3. Actively promote utility-sponsored energy efficiency programs for Portland homeowners.
4. Identify ways to meet the weatherization needs of elderly residents. Provide services in conjunction with agencies that serve the elderly.
5. Better serve low-income households, including Section 8 recipients, by coordinating with social service agencies and utilities through programs such as the Block-By-Block Weatherization Program and the Low-Income Energy Assistance Program. Investigate ways to share costs with property owners.
6. Promote energy efficient new construction by actively supporting the inclusion of cost-effective residential energy-saving measures in the State Building Code, similar to the Northwest Power Planning Council's Model Conservation Standards.
7. Support the development of a uniform home energy rating system to provide information on the energy performance of new and existing homes.
8. Investigate requiring energy audits for any residential structure receiving financing from the Portland Development Commission.
9. Avoid lost conservation
opportunities by encouraging property owners to install all cost-effective weatherization measures when weatherizing their rental properties.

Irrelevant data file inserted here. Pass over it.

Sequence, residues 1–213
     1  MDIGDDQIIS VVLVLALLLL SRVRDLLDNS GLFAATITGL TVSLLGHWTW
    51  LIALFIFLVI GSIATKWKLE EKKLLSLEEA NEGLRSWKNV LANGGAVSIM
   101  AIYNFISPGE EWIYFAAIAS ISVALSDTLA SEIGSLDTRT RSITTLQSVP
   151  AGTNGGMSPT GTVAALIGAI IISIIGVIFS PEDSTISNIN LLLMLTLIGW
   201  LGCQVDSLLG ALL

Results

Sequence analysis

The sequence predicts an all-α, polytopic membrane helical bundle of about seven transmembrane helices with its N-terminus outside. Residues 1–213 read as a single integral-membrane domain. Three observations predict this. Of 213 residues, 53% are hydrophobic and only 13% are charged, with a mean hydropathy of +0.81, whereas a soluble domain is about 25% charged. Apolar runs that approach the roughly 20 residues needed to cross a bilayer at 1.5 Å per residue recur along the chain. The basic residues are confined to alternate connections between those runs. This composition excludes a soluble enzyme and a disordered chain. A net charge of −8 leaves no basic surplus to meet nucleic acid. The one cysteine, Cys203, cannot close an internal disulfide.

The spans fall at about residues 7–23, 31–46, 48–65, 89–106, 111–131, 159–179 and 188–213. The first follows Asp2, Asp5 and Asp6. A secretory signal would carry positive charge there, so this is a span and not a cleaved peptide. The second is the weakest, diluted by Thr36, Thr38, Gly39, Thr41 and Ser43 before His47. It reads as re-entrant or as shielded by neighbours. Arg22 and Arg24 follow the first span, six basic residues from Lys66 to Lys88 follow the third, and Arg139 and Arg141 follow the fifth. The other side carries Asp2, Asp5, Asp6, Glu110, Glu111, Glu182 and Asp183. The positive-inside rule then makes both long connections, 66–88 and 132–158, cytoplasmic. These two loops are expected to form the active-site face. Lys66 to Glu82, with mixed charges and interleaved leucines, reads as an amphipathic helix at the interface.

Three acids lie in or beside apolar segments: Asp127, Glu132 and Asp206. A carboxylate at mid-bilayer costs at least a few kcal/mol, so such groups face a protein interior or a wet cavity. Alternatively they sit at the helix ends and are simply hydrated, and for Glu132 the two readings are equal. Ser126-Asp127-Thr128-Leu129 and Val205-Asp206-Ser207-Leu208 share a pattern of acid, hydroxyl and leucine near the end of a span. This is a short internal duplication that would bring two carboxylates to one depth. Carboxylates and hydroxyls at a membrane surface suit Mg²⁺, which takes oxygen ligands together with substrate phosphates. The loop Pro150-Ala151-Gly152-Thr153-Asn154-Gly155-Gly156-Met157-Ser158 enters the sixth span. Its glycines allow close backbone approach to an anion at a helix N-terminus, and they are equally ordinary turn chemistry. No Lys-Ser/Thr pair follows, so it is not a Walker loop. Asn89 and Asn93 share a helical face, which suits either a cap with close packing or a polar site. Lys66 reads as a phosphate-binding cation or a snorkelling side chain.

10. Identify ways to encourage local lenders to promote energy-efficient homes by counting future energy savings as income when determining the size of a home loan.
11. Investigate options for time-of-sale weatherization for residential properties.
12. Facilitate the weatherization of 20,000 low-income multi-family units by the year 2000.
e. Policy #4 shall
be: Energy Efficiency through Land Use Regulations
The City shall promote residential, commercial, industrial, and transportation energy efficiency and the use of renewable resources.
Two-Year Action Plan
1. Promote land use patterns that increase energy efficiency in buildings and transportation systems by making energy efficiency a critical element when developing new zoning regulations and modifying old regulations and the comprehensive map. This objective applies to the following long-range planning efforts: